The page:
5 sleep myths that are making you more tired
Yawn. Mondays, amirite?
You're likely not the only half-asleep office drone today — nearly 70 million Americans suffer from sleeping problems that keep them up at night, leaving them exhausted during the day.
But much of what we think we know about sleep isn't accurate, says Dr. Holly Phillips, medical contributor for Prevention magazine. Here, we cover six sleeping myths that might actually be making us more tired.
Myth 1: Napping only makes us more tired.
Fact: Some people swear that quick naps make them sleepier, but a 10- to 20-minute snooze should perk most of us up — that's all you need to get the benefits of napping, such as alertness, improved performance and better mood. Here's why: During sleep, your brain produces different kinds of waves, which correspond to how deeply you sleep. After about 20 minutes, the sleeping brain may move into what's called slow-wave sleep, which is the deepest phase of sleep. If you nap too long, you may feel groggy and disoriented upon awakening instead of refreshed because long naps are more likely to contain deep slow-wave sleep.
When you nap also matters. A power nap should be early in the day so it doesn't interfere with your ability to fall asleep at bedtime. Most people's inner body clocks trigger drowsiness somewhere between 1 and 4 p.m.
Energy fix: To make naps a daily ritual, doze off faster by using something you associate with sleep (a favorite pillow or lavender eye mask). Also, nap in a comfortable chair or couch instead of your bed to avoid the temptation to doze for too long, so you don't wake up with a sleep hangover.
More From Today: The Surprising Reasons You're Tired All the Time
Myth 2: Exercising too close to bedtime keeps you up.
Fact: That's not true for everyone. In fact, research shows that even vigorous exercise right before bedtime doesn't cause trouble sleeping for many people (and in some cases it may help).
This is good news if your busy schedule gives you a short window of time after work to squeeze in some activity. Even people who have trouble sleeping can probably exercise about an hour before bed without problems. But we don't have hard data, so people really have to do their own testing.
Energy fix: Experiment. If you exercise at night and suspect that your workout may be keeping you up, reschedule it for earlier in the day for several days to see whether you sleep better. Keeping a sleep diary for those days, noting when you exercise and how well you sleep-can help. If you find you do sleep better when you exercise earlier, make the switch permanent.
Myth 3: Skipping a little sleep isn't that horrible.
Fact: Missing even 90 minutes of sleep for just one night can reduce your daytime alertness by as much as 32 percent. That's enough to impair your memory, your thinking ability, and your safety on the job and on the road. One Australian study found that volunteers who stayed awake just 6 hours past their normal bedtime for a single day performed as poorly on tests gauging attentiveness and reaction time as those who were legally drunk. The National Sleep Foundation's 2009 poll showed that as many as 1.9 million drivers have had a car crash or a near miss due to drowsiness in the past year.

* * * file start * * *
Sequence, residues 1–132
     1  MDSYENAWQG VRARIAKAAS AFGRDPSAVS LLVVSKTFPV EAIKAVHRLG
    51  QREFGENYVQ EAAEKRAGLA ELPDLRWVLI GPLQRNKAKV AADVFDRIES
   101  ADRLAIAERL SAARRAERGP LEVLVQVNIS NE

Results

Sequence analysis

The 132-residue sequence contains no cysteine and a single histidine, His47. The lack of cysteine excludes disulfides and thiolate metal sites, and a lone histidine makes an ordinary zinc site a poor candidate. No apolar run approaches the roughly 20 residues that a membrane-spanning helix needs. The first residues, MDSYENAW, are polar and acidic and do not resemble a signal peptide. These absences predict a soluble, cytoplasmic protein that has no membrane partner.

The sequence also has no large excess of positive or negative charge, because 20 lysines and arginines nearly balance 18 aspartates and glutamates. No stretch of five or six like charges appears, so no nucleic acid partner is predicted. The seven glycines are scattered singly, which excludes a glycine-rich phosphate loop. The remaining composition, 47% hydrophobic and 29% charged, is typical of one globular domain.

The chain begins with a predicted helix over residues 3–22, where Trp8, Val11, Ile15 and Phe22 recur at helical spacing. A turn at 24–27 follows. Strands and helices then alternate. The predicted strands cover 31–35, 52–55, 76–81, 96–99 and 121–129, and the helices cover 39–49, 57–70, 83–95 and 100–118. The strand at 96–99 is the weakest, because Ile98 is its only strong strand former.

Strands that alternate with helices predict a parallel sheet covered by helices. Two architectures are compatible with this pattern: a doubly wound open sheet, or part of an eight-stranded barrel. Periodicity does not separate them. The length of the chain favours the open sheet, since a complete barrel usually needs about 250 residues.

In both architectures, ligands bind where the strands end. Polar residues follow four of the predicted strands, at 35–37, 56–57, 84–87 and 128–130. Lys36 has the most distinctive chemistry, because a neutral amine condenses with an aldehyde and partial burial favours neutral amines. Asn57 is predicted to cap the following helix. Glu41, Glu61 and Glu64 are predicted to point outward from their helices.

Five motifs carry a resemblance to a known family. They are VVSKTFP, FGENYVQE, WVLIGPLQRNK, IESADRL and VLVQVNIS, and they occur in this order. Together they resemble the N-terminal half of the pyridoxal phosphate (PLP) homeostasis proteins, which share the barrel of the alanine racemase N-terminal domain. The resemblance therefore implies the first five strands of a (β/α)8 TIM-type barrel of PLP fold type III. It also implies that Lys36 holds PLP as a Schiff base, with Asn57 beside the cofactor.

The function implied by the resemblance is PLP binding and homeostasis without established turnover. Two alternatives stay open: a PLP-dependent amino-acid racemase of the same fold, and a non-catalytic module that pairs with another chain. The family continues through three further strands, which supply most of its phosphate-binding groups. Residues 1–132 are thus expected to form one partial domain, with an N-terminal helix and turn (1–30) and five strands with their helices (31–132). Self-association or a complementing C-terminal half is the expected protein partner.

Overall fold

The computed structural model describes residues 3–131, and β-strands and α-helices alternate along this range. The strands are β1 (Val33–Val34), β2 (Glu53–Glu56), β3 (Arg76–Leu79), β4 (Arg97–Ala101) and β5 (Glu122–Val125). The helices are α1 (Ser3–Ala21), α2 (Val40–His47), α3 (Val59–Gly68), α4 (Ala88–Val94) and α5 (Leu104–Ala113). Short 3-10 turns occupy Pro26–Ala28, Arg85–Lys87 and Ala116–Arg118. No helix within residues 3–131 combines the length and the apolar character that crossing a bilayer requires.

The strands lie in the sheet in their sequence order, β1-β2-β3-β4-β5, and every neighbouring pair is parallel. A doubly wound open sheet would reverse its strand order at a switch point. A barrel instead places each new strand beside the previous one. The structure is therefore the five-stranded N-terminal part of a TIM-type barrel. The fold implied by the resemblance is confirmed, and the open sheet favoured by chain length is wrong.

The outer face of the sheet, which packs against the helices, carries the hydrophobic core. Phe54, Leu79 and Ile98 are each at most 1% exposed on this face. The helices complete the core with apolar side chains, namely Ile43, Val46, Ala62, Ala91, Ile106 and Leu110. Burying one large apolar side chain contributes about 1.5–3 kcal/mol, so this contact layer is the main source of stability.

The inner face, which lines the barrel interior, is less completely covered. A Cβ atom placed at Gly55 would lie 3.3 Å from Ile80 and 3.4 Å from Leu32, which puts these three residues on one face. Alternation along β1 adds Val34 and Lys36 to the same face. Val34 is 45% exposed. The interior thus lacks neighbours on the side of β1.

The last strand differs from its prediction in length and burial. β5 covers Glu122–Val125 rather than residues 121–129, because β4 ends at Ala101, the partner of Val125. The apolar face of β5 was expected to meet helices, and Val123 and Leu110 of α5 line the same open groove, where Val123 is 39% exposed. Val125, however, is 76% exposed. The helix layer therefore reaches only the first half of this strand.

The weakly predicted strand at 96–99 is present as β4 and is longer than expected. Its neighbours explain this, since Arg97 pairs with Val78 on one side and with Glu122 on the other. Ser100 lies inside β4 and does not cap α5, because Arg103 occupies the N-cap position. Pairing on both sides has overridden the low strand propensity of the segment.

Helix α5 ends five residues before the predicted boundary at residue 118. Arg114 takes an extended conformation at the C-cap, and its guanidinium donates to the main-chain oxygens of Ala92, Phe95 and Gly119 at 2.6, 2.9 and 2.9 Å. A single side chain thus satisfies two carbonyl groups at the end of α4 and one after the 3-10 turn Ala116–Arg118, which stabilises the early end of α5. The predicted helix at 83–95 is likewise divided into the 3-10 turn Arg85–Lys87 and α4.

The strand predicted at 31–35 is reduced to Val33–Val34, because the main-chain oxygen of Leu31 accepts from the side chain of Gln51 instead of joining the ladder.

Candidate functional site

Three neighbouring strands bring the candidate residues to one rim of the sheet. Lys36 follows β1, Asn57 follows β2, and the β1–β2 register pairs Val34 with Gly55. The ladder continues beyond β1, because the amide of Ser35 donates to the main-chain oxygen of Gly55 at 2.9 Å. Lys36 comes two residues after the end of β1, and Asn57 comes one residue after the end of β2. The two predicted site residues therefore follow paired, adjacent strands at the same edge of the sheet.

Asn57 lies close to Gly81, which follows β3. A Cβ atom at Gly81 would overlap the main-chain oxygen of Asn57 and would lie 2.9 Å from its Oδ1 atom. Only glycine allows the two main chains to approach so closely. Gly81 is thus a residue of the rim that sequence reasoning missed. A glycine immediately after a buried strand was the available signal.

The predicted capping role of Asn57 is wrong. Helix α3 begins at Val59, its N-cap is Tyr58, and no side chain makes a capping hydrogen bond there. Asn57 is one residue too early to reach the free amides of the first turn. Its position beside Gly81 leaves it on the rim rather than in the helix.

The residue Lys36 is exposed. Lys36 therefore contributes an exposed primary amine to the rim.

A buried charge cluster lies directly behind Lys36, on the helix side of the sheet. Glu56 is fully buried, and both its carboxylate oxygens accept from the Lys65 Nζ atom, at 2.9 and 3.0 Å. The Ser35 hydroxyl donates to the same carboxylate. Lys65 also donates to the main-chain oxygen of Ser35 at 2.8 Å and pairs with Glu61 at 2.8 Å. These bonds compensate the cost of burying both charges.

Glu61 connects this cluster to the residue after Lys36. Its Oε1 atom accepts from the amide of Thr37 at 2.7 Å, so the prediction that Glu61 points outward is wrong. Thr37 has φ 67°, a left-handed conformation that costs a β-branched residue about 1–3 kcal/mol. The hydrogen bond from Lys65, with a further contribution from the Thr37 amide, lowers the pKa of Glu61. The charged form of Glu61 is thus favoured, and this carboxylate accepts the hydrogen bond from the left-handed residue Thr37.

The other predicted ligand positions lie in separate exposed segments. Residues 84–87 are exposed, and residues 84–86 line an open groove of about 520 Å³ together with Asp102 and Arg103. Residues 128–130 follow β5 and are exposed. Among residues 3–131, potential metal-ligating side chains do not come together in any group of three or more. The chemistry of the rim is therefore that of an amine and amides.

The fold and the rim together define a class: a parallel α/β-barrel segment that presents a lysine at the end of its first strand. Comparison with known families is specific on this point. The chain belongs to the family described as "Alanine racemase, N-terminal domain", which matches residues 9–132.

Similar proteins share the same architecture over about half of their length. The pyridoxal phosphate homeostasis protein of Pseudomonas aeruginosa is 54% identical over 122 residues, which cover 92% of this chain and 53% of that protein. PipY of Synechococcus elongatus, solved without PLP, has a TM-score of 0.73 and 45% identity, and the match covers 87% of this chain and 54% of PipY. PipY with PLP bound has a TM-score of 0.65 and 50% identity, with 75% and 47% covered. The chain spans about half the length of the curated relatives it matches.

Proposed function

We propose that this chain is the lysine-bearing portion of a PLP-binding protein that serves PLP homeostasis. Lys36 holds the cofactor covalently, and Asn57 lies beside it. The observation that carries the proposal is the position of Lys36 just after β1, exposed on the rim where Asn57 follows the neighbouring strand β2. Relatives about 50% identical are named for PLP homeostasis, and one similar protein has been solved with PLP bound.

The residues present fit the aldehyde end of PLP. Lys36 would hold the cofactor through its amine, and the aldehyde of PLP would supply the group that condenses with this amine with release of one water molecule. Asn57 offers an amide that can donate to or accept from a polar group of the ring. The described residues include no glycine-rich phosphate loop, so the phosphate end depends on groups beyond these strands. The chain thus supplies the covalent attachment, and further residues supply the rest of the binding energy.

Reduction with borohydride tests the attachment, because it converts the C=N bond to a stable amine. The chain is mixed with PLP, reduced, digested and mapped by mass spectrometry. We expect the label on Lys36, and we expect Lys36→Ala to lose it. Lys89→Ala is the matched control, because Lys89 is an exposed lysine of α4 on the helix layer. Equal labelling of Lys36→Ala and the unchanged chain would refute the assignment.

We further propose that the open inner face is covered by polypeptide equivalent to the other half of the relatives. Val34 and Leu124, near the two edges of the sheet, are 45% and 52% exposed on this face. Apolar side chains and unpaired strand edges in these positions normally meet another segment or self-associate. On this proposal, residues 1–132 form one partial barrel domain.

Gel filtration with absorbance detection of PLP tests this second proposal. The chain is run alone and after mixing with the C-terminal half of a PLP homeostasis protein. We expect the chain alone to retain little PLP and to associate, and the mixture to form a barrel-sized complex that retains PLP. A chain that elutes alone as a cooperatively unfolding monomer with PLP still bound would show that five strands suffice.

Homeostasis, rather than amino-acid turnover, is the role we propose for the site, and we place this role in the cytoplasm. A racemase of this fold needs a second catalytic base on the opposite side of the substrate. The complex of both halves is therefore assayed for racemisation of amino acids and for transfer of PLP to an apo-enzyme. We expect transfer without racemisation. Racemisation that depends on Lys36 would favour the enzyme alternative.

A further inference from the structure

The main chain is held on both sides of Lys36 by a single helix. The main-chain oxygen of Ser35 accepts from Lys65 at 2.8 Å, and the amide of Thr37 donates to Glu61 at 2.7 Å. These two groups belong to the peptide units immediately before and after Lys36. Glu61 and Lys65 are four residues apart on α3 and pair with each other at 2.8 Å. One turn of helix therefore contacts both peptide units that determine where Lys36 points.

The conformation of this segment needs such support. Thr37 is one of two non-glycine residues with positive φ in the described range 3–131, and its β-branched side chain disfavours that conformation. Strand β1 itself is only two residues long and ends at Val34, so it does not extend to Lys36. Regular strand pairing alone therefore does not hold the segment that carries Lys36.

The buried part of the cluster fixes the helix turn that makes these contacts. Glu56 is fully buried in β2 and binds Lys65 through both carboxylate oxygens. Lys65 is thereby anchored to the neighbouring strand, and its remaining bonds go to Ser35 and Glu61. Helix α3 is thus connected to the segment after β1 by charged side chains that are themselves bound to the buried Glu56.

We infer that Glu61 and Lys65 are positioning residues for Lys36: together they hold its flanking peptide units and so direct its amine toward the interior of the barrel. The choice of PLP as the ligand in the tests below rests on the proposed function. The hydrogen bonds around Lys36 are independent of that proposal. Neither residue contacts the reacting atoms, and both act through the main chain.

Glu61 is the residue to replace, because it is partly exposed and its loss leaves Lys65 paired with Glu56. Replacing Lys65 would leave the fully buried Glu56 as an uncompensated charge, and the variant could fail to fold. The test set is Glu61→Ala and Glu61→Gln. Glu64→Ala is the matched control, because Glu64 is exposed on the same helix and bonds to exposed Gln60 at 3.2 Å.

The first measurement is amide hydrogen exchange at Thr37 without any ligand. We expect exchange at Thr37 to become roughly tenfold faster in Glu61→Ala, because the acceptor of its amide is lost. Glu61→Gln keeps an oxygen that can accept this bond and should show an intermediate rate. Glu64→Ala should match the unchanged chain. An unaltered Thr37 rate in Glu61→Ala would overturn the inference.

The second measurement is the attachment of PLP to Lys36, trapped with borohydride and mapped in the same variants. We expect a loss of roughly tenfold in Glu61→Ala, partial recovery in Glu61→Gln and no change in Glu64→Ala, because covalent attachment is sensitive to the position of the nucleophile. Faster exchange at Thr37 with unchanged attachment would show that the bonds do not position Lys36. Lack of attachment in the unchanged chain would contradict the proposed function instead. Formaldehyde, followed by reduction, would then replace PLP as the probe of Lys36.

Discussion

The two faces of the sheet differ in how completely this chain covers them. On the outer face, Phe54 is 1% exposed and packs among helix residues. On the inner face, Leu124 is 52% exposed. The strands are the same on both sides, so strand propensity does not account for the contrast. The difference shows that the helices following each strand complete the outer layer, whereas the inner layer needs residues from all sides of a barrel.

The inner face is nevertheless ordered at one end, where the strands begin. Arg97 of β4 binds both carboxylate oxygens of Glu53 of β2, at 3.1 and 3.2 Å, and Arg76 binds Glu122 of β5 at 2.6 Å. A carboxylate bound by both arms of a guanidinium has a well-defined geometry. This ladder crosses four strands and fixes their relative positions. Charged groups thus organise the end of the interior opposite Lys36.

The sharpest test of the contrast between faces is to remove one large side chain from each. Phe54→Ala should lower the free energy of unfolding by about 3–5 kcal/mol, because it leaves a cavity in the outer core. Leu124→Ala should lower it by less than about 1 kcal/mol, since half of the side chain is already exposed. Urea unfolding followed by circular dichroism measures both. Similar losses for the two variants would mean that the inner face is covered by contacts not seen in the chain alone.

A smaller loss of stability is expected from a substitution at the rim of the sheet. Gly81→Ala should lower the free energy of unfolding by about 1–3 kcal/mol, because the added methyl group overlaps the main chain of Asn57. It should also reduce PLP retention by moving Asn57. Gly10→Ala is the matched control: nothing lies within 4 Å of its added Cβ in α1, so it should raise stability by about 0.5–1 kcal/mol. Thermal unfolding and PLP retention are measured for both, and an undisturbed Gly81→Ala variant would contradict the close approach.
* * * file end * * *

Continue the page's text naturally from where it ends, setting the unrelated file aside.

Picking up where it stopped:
Energy fix: If you miss several hours of sleep one night, consider calling in sick the next day or ask if you can work from home. (That way, you won't have to drive.) If you find yourself nodding off at your desk, take a brisk walk up and down the stairs or hall. Exercise helps you snap to, in part because the accompanying rise in body temperature appears to boost alertness for a time. If possible, set aside part of your lunch hour for a nap. Remember to set an alarm, or ask a buddy to wake you.
Myth 4: You have to be in bad shape to take sleeping pills.
Fact: Actually, sleeping pills are most helpful if you take them before insomnia becomes chronic, as they can help correct your off-kilter sleep homeostat.
Today's popular pills like Ambien and Sonata, unlike older versions, help you drift off to sleep within minutes and stay asleep, thus breaking the cycle of sleeplessness and anxiety that can turn a few nights of insomnia into chronic sleeplessness. They also wear off faster than older meds, so you're not semi-comatose in the morning. Like all medicines, sleeping pills can cause side effects (dizziness, headache, agitation), and they're not meant for long-term use.
Energy fix: Ask your doctor about the pros and cons of sleeping meds for you. If you'd prefer a drug-free alternative, consider cognitive-behavioral therapy (CBT); long-term, it can be more effective than pills at combating insomnia. CBT trains insomniacs to avoid bad habits and counterproductive worries about lost sleep. Usually the therapy runs from four to eight sessions, but some patients find relief with as few as two. The downside of CBT: It can cost hundreds per session and, unlike pills, may not be covered by insurance.
Myth 5: It doesn't matter when you go to sleep.
Fact: Night owls are nearly 3 times more likely to experience symptoms of depression than early birds, one study found — even when they got the same total amount of sleep.
Experts aren't sure exactly why, but there may be an optimal time within the 24-hour clock to fall asleep and wake up. This and other research shows that going to bed late can be bad for your mood and your overall health.
Energy fix: If you want to shift back your bedtime, start gradually: Head to bed 15 to 30 minutes earlier every few days, and make sure the lights in your home are dim for about 2 hours before that time, says Shives. Then set your alarm to wake up 7 to 8 hours later.